After the tortuously slim, three-vote failure of February’s $8 million school bond proposal, the school board held a community forum this week to regroup, reevaluate its strategy, and focus on moving forward.
“The school board is here tonight to listen – and over these next three months,” said moderator Lisa Byers. “They need to know what needs to change in order for this bond to be acceptable [to the community] and to get the votes it needs to pass.”
Principal Eric Webb explained that the next attempt to pass a school bond would be on the November ballot, which means the board has April, May and June to gather community input, will hold a special board meeting in July and must submit its resolution to the elections office by Aug. 1.
Despite feelings of frustration people may have, Byers added, “Tonight is a night about coming together again and seeing how we can move forward,” saying that everyone in attendance cares deeply about the community and wants what is best for it.
Attendees were asked to brainstorm, sharing their opinions on why the bond measure failed and their recommendations to the school board for future action.
Post-it notes from all were roughly categorized into the following proposed reasons for bond failure: 1. Low voter turnout; 2. An inadequate campaign; 3. The proposed track line item was not clear or was controversial; 4. Lack of trust in school maintenance; and 5. Reluctance to accept higher taxes or the cost of the bond.
The proposed $8 million bond would have cost 28 cents per $1,000 of assessed property value.
Just 51.98 percent of the district’s 4,261 registered voters actually voted, and 59.86 percent of those supported the bond measure, just shy of the 60 percent required to pass.
Attendees suggested the following reasons for the low number of votes in support of the bond: bad weather; folks assumed it would pass and fixed-income voters were concerned about costs. A focus group noted that statistically, the hamlets of Orcas and Olga supported the bond while Eastsound residents did not. (Support by precinct: Waldron – 80.85 percent; Blakely – 63.64 percent; Orcas East – 62.90 percent; Orcas West 60.75 percent; Orcas Central – 59.58 percent; Eastsound – 54.53 percent.) The group suggested forming a coordinated regular campaign committee and outreach to groups of people unlikely to attend community forums at the school. The next focus group agreed, recommending emphasis on voter registration, a simple website outlining bond information and further community education.
The “track” focus group felt information was lacking – especially the fact that the $1.3 million line item would have also paid to fix up the school’s fields. They said an endowment was offered in addition to the $1 million proposed private donation that would pay for the track, but was not well publicized before the vote. As the endowment is unrestricted, they suggested the school board make a clear statement promising they will reserve the funds for long-term maintenance of the fields and track.
Orcas Island Community Foundation Director Hilary Canty has explained to the Sounder that both the endowment and track bequest are a gift offered by Phyllis Henigson and her late husband, Bob. When Bob passed away in 2014, he left legacy gifts to seven local organizations, one of which was an endowment to benefit the Orcas Island School District. Under the management of the community foundation, that fund is invested to provide both growth and an annual distribution of about $50,000 to the school district. The current balance is $1.1 million.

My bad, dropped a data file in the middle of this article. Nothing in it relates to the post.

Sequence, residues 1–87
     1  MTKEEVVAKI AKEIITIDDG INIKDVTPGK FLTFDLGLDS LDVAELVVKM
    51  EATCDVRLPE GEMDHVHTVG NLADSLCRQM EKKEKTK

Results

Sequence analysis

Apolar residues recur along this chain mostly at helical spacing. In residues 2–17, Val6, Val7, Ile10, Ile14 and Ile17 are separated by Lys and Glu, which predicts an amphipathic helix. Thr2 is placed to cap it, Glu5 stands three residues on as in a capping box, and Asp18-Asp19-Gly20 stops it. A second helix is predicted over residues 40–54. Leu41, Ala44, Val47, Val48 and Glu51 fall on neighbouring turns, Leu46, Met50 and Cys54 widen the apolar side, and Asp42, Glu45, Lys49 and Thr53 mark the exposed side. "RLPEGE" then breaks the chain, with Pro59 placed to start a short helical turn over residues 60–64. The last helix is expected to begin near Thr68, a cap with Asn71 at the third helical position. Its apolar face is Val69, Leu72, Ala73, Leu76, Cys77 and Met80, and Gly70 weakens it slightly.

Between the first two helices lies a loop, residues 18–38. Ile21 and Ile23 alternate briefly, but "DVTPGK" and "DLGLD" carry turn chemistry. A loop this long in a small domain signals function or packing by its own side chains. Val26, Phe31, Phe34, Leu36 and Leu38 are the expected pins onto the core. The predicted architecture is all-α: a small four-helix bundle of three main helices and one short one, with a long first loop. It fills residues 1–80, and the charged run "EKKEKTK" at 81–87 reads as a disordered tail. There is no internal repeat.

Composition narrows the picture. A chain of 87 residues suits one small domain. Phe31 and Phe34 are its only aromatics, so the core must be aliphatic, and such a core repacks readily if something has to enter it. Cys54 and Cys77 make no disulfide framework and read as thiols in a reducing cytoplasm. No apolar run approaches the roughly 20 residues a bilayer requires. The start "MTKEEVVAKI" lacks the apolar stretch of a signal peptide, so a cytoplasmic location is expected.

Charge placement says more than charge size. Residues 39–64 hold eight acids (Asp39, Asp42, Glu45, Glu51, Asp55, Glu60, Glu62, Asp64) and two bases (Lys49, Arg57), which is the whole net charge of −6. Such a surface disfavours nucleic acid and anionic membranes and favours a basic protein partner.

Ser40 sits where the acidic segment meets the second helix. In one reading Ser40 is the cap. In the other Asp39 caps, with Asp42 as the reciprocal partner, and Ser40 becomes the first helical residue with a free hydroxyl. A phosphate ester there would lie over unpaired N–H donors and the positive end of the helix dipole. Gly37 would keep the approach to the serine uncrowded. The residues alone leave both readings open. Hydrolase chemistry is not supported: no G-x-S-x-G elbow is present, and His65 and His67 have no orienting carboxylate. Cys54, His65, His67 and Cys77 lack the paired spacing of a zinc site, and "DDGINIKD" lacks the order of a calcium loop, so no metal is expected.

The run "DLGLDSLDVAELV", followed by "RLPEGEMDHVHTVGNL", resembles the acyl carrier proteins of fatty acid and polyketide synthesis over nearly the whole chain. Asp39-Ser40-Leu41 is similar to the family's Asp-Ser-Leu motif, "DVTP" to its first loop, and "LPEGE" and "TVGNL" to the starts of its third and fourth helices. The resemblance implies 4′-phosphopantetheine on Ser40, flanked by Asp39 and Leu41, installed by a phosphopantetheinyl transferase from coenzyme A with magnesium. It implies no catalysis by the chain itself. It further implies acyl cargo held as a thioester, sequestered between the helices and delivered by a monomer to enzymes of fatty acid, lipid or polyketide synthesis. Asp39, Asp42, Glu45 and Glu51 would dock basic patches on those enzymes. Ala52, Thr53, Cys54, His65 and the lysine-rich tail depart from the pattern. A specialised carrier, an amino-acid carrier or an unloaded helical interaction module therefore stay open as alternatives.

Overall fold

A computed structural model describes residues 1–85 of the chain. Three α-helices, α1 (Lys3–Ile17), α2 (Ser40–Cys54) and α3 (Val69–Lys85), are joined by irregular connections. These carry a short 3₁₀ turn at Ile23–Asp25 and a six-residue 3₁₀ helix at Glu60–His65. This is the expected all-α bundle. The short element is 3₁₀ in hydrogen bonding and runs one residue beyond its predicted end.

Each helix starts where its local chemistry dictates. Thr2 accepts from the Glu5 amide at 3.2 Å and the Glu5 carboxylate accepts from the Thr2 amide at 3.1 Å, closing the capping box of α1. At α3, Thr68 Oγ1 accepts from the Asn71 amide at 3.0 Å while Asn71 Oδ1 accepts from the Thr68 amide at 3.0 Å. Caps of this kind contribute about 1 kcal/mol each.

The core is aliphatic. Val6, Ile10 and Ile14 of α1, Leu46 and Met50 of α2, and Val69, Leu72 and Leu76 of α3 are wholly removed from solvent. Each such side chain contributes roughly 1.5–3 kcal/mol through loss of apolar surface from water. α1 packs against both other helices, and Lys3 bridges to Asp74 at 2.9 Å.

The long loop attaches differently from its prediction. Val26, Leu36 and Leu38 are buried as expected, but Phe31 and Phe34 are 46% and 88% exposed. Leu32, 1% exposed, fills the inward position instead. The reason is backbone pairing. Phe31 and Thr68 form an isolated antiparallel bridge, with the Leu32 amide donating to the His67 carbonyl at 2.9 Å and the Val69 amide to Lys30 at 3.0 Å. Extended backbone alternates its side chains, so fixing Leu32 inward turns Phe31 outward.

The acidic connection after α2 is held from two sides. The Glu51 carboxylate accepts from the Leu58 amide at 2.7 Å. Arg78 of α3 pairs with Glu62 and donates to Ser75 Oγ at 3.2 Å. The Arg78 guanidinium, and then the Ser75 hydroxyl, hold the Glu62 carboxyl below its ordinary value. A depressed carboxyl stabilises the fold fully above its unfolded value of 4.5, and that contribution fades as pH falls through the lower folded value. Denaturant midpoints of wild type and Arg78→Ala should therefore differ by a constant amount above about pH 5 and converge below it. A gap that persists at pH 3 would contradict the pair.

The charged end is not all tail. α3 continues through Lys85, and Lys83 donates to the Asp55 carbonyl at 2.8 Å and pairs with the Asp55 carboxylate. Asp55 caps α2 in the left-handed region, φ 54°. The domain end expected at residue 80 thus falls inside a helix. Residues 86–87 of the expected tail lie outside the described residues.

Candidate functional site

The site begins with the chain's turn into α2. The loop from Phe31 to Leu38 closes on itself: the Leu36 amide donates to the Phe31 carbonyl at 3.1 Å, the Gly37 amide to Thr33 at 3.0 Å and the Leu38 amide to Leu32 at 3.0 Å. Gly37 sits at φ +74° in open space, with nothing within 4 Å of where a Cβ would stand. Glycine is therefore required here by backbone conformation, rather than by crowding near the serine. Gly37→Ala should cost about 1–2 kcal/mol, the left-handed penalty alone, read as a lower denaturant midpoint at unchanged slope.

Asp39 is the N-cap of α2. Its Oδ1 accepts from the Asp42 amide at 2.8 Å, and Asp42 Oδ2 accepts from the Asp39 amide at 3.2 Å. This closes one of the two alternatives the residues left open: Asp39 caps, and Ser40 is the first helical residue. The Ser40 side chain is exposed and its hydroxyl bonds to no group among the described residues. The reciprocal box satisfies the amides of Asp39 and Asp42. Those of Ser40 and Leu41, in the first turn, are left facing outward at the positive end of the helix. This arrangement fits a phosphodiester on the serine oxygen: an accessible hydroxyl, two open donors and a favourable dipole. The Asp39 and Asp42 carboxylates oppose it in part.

Phyllis wanted to honor Bob’s memory and his commitment to the schools with a $1 million donation for a competition-level track. As currently designed, the track is boxy in shape to provide room in the interior for sports fields. The cost of the track is covered entirely by the $1 million financial gift, said Canty, while the additional $1.3 million requested in the bond proposal would fund improving the fields and drainage. The annual maintenance for the track is estimated at $6,000-8,000 and is expected to be fully covered by endowment distributions.
“The Henigsons have provided a great example of how to do bequests right,” said Canty. “Philanthropy is always going to play a role in our community – making sure gifts don’t come with too high a cost is critical for success.”
The group discussing maintenance voiced concerns that truly needed repairs and upgrades had been dropped off of previous bond phases; some said that community members feel a “sense of manipulation” and believe “nice-to-have” items were included along with true health and safety needs in previous bond requests in order to obtain voter support.
“Some people voted no because they’re just tired of that game,” said one attendee, who also mentioned that two urinals in the boys’ locker room have been out of order for more than two years.
The group recommended including in the bond all items that need fixing before “building more things that need maintaining.” They also requested overall better communication about maintenance the school is currently completing, possibly in the form of quarterly reports, progress updates and explanations clarifying why certain items have not been fixed. According to another attendee, many people say they voted no on the $8 million bond but would have supported the bond at $12 million if it had included all items perceived as true repair needs.
In closing, County Councilman Rick Hughes apologized for not publicly supporting the bond measure, saying it’s a “unique opportunity” and that it’s “incredibly short-sighted” not to take a serious look at it. Community members are invited to volunteer for the campaign committee or otherwise support the school’s bond efforts; email Janet Brownell at email@example.com to sign up.